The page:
Ahead of the start of a new European Challenge Tour season with next week’s Barclays Kenya Open, here are some of the names to watch out for on the 2017 Road to Oman.
With every new season comes a fresh batch of hopeful up-and-coming talent, eager to make their mark on Europe’s top developmental tour and dreaming of the top 15 on the Road to Oman and, with it, European Tour graduation.
Five players in Nairobi will be teeing it up on the Challenge Tour for the very first time, having never played a single tournament at this level before: Niklas Lindstrom of Sweden, Canadian Austin Connelly, England’s Charlie Bull, Ryan McCarthy of Australia and German Christian Braeunig.
Lindstrom finished sixth on the Nordic Golf League last year but has full status on the Challenge Tour as the beneficiary of Oscar Lengden making the cut at Final Stage of the European Tour Qualifying School, thus earning a higher category and moving his compatriot up to take his spot among the Satellite Tour graduates.
The 27 year old showed great form in 2016, winning once, coming second three times and securing another top five, but it will be interesting to see how he deals with the increased competition and quality on the Challenge Tour – on his sole European Tour outing to date, he missed the cut at last year’s Made in Denmark.
Connelly arrives in Europe with a strong reputation forged in the American amateur game, where the Texas-born 20 year old competed for Team USA in the 2014 Junior Ryder Cup before switching allegiance back to Canada.
He earned Challenge Tour status by making the cut at Q-School Final Stage in November and has since shone on the European Tour with a top ten finish in the ISPS HANDA World Super 6 Perth, but his appearance at Muthaiga Golf Club will mark his Challenge Tour debut.
Also on debut is Bull, who beat Connelly to the ATB Financial Classic title in August on Canada’s Mackenzie Tour.
The 25 year old then came through First and Second Stages of Q-School, missing the cut at Final Stage but still securing a Challenge Tour category for the coming season, and he will be keen to make his mark early when playing on an invite in Kenya.
Braeunig and McCarthy also earned Challenge Tour status by making the cut at Q-School, with both men impressively navigating First and Second Stage before solid weeks at PGA Catalunya Resort.
Among the other fresh faces embarking on their first full season on the Challenge Tour are Finland’s Oliver Lindell, another graduate from the Nordic Golf League and just 18 years old, Englishman Curtis Griffiths and Victor Perez of France.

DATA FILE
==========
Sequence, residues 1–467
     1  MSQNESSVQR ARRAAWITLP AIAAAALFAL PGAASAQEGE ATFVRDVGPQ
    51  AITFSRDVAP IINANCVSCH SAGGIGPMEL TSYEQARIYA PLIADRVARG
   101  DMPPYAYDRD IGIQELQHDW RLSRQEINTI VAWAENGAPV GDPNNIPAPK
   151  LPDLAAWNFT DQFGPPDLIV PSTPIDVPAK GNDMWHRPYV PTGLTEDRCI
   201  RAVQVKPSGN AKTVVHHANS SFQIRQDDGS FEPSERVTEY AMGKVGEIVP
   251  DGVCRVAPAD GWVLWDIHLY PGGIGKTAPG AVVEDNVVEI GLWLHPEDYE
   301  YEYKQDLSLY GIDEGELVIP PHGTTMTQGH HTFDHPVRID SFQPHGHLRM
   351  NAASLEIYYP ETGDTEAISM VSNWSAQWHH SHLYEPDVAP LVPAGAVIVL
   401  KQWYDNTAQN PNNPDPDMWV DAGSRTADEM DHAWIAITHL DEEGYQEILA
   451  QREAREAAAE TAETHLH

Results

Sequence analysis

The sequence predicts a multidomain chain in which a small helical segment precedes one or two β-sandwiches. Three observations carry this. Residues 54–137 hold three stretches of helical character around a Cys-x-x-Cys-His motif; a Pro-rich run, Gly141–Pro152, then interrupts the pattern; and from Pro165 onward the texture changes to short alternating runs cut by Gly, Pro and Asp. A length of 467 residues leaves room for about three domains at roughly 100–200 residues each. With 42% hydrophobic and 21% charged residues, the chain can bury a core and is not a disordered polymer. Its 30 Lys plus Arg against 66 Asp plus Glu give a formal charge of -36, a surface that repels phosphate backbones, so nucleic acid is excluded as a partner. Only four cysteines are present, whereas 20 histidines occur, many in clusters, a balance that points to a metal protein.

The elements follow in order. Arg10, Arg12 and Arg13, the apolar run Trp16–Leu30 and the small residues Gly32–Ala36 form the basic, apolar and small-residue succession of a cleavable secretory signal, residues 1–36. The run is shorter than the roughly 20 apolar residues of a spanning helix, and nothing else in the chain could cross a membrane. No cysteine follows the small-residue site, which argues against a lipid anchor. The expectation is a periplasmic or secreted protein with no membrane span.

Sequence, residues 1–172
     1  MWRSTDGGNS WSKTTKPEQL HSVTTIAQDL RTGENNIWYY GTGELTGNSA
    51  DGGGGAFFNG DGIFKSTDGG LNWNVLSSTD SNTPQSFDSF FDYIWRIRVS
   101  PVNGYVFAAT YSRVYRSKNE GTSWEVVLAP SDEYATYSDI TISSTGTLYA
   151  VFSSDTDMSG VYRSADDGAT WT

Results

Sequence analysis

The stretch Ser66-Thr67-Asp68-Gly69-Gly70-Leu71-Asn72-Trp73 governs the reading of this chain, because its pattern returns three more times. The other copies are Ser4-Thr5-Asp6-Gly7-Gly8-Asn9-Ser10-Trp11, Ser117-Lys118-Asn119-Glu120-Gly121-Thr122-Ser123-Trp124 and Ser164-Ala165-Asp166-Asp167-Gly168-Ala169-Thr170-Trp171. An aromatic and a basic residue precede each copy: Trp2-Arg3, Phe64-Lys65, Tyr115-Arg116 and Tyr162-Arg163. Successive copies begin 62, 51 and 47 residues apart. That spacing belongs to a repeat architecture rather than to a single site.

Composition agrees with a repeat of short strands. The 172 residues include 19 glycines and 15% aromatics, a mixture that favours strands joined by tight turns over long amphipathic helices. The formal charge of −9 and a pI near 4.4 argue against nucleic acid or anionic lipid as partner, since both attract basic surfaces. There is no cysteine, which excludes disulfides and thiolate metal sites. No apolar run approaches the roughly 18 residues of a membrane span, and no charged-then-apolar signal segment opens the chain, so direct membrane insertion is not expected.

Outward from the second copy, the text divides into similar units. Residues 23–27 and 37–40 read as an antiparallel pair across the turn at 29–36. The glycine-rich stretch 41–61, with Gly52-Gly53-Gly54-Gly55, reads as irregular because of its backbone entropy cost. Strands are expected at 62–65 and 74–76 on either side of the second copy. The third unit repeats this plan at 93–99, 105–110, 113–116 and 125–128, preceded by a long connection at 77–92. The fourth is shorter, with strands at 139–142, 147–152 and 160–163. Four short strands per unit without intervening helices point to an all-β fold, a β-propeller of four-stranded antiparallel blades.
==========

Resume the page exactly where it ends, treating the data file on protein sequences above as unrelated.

Every season produces its own ‘hard luck’ stories, and last year that mantle was taken up by Jens Dantorp and Adrien Saddier in Oman.
Both of them made the latest of late charges, finding form on the last day of the season at the NBO Golf Classic Grand Final, with each of them making their first bogey of the day on the 18th hole when a par would have been good enough to finish in the top 16 of the Rankings and graduate to the European Tour.
They both know what European Tour life is like, having each earned their cards at Q-School in 2013, and they are both past winners on the Challenge Tour, with Sweden’s Dantorp victorious in the 2013 Rolex Trophy and Frenchman Saddier triumphant at last season’s Fred Olsen Challenge de España – expect these two seasoned campaigners to contend for more titles this year.
Another familiar face from 2016 who is back for more this season is Aaron Rai, whose consistency last year took him to 18th place on the Road to Oman.
The 22 year old finished in the top ten six times last season, contending to win on several occasions, and travels to Kenya on the back of a career-best result when he came tied seventh at the Joburg Open on the European Tour last month – the Englishman is sure to be one to watch this term.
Saddier is not the only tournament winner from 2016 who is back for more Challenge Tour action this season.
His compatriot Clément Sordet will look to defend his Turkish Airlines Challenge title, and add to a trophy cabinet that also already includes the NI Open from 2015.
Simon Forsström will return to the KPMG Trophy, scene of his breakthrough victory last year, while James Heath, Alvaro Velasco and Johan Edfors will be seeking to add to their 2016 triumphs.
Multiple winners on the Challenge Tour like Robert Dinwiddie, Daan Huizing, Moritz Lampert, Andrea Pavan, Ricardo Santos and Borja Virto will also feature this year in the full knowledge that they can close out tournaments when the heat comes on down the stretch on Sunday afternoon.
Points to prove
As well as the aforementioned Satellite Tour stars joining the Challenge Tour, there are always some disappointed players whose European Tour odysseys did not quite go as planned last year.
Chief among them this term is Craig Lee, the Scot who finished 112th in last year’s Race to Dubai – the highest-ranked player not to retain his European Tour card, and arguably therefore the unluckiest man in golf.
Michael Hoey, a five-time winner on the European Tour, will compete at his home course Galgorm Castle in the NI Open as part of the 2017 Challenge Tour schedule while Matthew Baldwin, Rhys Davies, and Morten Ørum Madsen are other familiar names back on the Road to Oman for 2017.